Sen. Chris Murphy (D-CT) said the reason the U.S. is in a crisis is not because of what China or WHO did, it is because of President Trump not taking the coronavirus seriously. Tuesday on CNN, Murphy praised WHO for investing in testing and said if the U.S. worked with the WHO early on, "we might be in a very different position here." He called the organization a "scapegoat" for Trump and warned the nation will be weaker without them.
"You believe that the president made mistakes that ended up costing lives?" CNN host Anderson Cooper asked the Senator.
"Absolutely," Murphy said. "The fact that we didn't start buying up medical supplies, masks, gowns, face shields early on, when we were begging for that funding in early February. The fact that the president didn't put in place an effective plan to develop new tests. The fact that he didn't work with governors and mayors to push social distancing measures earlier has cost lives."
ANDERSON COOPER, CNN: Senator Murphy, I want to read you a tweet that you tweeted out February 5th about the White House's response at that time. You said, "Just left the Administration briefing on Coronavirus. Bottom-line, they aren't taking this seriously enough. Notably, no request for any emergency funding which is a big mistake. Local health systems need supplies, training, screening, staff et cetera. And they need it now." What did you see in the medium, what was the problem?
SEN. CHRIS MURPHY (D-CT): Well, that was an extraordinary montage that you just played and that attitude was reflected in the meeting, inside that meeting in early February, where the President's top Coronavirus experts. It was led by then-Chief of Staff Mulvaney and Secretary of HHS Alex Azar and they were just incredibly confident that they had beaten Coronavirus. At that time, they were only a few cases here, they were reflecting what the President said in those clips because they thought that the travel bans have kept it out of the United States.
We told them that they needed money and they needed money fast in order to buy supplies, in order to hire more staff and they told us that they didn't need any funding, that they had everything that they needed. And I walked out of that closed-door briefing just with chills running down my spine because many of us on both sides of the aisle knew what this virus had done in China.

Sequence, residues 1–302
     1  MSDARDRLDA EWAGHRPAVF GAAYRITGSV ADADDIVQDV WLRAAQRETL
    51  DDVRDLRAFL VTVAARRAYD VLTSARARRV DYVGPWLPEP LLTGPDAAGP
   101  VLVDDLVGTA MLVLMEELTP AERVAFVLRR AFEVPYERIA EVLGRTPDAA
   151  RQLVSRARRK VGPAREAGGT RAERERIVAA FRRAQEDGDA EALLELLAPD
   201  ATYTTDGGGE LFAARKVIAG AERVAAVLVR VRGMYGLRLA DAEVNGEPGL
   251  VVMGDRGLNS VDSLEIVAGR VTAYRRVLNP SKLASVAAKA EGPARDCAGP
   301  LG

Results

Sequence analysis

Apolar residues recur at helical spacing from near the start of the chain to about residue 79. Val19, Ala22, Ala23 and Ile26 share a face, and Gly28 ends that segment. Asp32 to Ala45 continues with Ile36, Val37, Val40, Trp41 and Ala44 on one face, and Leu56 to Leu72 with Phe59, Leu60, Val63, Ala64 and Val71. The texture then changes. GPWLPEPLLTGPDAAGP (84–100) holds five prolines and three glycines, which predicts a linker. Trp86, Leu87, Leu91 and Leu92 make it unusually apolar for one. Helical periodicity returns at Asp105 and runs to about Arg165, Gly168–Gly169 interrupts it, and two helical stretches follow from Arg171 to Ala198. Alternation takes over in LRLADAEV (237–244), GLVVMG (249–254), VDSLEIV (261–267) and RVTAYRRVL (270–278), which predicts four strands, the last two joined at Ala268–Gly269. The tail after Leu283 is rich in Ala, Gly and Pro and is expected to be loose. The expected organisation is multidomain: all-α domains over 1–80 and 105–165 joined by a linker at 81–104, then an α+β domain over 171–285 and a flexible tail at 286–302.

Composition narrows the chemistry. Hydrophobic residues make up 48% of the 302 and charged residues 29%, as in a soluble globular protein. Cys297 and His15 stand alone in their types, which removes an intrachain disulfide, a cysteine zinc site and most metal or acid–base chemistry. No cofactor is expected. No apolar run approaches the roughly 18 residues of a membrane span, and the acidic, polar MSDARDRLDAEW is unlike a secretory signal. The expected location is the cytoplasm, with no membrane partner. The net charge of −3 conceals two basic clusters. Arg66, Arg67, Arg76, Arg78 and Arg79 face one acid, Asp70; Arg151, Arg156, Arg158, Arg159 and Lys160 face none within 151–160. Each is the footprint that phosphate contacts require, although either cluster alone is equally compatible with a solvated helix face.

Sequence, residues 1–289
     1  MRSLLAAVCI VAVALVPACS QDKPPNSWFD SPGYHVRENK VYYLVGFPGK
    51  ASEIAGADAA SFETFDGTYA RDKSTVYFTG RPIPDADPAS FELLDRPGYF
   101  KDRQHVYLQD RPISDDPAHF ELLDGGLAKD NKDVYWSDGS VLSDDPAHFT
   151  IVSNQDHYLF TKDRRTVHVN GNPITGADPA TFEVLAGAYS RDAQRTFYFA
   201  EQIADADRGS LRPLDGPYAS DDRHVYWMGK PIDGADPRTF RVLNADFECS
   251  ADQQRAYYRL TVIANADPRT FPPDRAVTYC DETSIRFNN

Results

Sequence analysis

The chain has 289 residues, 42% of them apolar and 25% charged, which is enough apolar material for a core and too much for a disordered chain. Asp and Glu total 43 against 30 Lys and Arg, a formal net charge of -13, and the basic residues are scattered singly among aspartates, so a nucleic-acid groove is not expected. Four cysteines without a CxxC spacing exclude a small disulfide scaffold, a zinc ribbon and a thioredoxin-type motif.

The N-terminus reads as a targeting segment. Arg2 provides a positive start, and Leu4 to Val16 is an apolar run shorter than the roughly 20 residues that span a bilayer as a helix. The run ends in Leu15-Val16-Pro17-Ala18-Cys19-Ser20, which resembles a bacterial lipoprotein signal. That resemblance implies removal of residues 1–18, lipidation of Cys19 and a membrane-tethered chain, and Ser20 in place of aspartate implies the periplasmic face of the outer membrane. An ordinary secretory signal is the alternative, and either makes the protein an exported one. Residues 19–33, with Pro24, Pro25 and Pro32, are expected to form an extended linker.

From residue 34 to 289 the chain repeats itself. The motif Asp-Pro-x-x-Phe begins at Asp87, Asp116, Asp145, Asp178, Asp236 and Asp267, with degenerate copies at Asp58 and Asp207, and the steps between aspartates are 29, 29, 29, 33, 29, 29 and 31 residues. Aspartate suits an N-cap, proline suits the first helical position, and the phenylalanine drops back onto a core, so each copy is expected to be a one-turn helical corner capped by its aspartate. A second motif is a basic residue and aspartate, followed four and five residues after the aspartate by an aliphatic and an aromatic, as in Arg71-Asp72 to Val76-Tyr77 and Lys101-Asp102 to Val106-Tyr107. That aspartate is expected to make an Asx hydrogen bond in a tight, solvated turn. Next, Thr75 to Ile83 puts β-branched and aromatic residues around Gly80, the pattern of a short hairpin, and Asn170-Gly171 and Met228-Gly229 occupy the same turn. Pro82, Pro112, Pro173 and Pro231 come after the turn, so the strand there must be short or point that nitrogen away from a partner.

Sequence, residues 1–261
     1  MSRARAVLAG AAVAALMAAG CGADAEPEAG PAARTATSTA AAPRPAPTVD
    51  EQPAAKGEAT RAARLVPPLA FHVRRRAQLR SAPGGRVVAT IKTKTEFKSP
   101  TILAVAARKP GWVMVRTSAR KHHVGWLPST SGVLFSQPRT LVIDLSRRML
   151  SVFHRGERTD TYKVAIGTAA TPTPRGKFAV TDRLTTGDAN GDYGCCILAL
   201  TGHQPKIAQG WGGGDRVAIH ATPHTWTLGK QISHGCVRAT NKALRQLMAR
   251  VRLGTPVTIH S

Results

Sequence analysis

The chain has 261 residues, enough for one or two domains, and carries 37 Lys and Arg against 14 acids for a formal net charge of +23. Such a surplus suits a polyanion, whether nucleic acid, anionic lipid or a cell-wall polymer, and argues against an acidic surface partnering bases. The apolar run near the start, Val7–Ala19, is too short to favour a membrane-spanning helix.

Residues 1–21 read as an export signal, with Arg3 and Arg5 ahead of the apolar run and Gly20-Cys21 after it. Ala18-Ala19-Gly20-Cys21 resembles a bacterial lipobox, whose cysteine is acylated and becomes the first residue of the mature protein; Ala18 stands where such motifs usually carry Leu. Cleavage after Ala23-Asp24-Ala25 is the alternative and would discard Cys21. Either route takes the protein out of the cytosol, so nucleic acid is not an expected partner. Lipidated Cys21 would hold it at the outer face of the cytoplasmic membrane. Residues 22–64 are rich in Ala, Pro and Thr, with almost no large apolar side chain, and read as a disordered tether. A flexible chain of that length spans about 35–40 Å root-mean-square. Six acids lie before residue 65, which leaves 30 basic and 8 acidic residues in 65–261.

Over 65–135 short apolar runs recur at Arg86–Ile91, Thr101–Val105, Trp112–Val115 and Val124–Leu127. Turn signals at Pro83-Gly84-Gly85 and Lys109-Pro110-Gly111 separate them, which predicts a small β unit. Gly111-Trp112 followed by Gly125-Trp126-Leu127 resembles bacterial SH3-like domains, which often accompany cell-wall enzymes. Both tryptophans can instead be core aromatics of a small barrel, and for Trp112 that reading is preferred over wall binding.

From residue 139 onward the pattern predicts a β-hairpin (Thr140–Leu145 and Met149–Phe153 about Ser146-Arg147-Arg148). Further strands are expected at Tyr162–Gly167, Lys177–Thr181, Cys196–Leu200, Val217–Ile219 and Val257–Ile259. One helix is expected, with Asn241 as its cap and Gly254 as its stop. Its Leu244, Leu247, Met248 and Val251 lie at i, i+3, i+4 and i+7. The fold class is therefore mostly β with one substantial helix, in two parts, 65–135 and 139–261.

We knew it was a matter of time before it arrived here and it was shocking how cavalier the Administration was. This was at a time when the President really, you know, viewed this as a hoax. He said so on TV and the reason that we're in the crisis that we are today, is not because of anything that China did.
It's not because of anything that the WHO did. It's because of what this president did. He didn't take this virus seriously. We weren't going to be able to keep every case out of United States, but we didn't need tens of thousands this of people dying.
COOPER: It's clear that the WHO has said very positive things about China and kind of downplayed, you know, their lack of transparency. Even the Chinese death tolls, you know, right now just seems ludicrously low, the official death toll in China. I'm wondering what you make of the president now focusing on WHO, though he previously had praised them for -- China for transparency and the WHO's work.
MURPHY: Well, pulling money out of the WHO has nothing to do with keeping America safe. It's all about the president's attempt to try to find scapegoats. Let's be clear. Early on in this crisis, there was no bigger cheerleader for China and their response to coronavirus than president Donald J. Trump. It was President Trump who on 12 different occasions praised President Xi's efforts to control coronavirus, specifically praised China's transparency, which we now know was a complete joke.
And so the president is engaging in, you know, sort of middle school grade deflection trying to blame the WHO for something that he was responsible for. And the fact of the matter is, while the WHO is imperfect, in the early days of the virus, they invested in testing. They created by the end of February 1.4 million tests in collaboration with a German manufacturer.
And so had we been working with the WHO early on, we might be in a very different position here, being able to test twice as many, three times as many people as we have. We'll be weaker as a nation if we pull out of the WHO because there's no way to stand up an effective anti-pandemic program without them. This is just about the president's attempts to try to blame others for problems that he created.